Categories: Mission Network News

Taking care of ‘holy’ cows in India

Mission Network News - Tue, 02/24/2015 - 5:00am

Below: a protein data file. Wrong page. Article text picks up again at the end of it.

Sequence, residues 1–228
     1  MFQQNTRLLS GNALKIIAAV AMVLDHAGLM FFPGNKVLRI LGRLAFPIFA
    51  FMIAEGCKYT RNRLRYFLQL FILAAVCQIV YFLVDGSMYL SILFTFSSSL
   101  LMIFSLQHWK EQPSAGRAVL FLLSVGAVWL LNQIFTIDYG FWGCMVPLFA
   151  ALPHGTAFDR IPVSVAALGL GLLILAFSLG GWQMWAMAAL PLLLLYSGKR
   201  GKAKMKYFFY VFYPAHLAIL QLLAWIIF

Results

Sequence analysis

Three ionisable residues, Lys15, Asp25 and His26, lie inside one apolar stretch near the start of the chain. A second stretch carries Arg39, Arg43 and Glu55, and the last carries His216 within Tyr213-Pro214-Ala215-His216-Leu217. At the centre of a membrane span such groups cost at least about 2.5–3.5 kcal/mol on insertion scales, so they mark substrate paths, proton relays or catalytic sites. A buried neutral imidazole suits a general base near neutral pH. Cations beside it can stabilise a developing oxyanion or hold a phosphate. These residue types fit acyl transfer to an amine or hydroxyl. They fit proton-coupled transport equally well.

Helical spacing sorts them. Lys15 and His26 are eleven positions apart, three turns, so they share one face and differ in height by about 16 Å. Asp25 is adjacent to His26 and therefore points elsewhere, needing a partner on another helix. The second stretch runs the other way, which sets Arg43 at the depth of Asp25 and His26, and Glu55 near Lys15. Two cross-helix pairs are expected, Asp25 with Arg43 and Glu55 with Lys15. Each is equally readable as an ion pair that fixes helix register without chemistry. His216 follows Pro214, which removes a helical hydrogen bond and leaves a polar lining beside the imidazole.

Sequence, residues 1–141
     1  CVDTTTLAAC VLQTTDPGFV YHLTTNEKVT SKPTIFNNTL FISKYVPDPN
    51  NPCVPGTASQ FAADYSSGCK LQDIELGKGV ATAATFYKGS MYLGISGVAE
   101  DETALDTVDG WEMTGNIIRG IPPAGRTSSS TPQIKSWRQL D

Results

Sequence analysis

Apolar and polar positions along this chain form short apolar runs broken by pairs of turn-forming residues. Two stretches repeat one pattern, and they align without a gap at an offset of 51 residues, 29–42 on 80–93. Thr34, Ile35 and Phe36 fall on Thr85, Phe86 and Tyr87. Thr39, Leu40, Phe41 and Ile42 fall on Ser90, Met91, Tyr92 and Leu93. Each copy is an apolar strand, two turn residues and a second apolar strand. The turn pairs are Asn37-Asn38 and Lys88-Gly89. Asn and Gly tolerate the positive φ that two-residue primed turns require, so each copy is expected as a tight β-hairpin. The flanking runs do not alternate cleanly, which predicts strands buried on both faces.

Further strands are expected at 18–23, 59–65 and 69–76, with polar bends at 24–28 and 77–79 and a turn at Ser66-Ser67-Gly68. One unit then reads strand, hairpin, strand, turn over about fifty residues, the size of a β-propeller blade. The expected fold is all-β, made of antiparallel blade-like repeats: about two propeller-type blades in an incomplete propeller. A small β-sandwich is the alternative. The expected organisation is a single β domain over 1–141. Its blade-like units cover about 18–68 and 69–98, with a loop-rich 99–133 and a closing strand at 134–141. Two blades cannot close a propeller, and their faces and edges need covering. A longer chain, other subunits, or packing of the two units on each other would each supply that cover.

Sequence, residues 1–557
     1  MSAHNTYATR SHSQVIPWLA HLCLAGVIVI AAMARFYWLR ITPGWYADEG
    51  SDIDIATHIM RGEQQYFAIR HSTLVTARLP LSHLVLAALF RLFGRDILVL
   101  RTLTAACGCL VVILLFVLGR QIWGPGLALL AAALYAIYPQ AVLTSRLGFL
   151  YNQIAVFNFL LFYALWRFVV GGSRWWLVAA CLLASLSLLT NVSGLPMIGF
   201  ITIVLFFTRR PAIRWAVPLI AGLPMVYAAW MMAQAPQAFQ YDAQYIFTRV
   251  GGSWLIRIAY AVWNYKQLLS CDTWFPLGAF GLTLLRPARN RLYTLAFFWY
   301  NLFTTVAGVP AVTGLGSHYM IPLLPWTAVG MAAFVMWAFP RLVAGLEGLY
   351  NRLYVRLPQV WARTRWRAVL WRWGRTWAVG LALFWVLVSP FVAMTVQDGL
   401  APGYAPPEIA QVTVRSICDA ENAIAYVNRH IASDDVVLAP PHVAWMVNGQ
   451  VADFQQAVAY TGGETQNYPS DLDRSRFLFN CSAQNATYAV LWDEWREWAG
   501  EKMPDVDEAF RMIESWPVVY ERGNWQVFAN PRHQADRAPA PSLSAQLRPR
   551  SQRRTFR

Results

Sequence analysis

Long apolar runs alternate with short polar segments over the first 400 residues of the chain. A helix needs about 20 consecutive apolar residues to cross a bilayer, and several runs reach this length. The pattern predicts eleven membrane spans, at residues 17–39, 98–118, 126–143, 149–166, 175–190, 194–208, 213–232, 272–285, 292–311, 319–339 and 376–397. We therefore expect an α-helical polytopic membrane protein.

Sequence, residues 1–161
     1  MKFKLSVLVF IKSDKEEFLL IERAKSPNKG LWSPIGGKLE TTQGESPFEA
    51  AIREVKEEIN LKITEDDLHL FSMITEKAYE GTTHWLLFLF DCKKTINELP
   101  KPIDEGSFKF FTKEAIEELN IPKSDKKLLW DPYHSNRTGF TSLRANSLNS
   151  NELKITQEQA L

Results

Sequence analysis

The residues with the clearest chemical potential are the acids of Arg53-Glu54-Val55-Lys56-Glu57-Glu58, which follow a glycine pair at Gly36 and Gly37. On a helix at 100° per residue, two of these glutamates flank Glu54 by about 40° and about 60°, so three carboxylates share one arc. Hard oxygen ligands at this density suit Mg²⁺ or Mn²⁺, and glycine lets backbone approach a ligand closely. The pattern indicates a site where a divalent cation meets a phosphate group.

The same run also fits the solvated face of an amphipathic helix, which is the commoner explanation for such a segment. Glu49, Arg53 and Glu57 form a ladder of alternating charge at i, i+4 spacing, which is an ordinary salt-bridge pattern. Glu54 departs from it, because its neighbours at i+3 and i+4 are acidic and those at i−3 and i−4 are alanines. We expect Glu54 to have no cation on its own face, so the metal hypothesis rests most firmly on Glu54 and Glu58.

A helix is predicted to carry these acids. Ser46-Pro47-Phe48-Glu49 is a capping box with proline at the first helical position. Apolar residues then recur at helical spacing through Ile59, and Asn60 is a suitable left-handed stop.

(Photo courtesy Christian Aid Mission)